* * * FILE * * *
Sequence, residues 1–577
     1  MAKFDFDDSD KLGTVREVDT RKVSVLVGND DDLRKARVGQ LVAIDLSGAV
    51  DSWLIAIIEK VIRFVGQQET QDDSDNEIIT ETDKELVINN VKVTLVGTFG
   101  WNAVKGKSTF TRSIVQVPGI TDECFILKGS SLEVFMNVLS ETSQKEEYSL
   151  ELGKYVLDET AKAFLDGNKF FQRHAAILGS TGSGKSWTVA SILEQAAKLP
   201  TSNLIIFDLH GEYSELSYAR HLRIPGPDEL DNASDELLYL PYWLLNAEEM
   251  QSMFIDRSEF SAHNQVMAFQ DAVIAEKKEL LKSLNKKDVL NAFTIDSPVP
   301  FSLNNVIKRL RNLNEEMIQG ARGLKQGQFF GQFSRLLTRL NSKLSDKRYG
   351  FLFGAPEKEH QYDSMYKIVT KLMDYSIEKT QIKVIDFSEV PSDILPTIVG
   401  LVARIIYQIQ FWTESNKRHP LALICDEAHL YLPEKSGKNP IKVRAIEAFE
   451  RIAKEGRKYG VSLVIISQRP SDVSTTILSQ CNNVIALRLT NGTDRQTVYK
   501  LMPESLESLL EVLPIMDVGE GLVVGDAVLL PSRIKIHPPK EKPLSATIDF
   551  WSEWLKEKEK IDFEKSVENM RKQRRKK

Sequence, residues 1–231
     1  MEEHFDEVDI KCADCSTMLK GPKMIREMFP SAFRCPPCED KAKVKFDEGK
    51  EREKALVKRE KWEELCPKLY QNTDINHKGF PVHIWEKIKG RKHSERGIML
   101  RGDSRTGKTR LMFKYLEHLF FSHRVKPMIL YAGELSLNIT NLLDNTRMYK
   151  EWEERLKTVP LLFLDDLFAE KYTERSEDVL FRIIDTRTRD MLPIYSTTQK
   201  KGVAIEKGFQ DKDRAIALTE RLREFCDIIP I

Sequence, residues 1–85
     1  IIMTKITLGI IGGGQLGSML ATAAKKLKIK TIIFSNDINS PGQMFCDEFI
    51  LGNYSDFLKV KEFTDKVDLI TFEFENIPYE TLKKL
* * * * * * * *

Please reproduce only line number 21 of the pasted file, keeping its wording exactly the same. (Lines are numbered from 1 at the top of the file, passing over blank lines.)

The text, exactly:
     1  IIMTKITLGI IGGGQLGSML ATAAKKLKIK TIIFSNDINS PGQMFCDEFI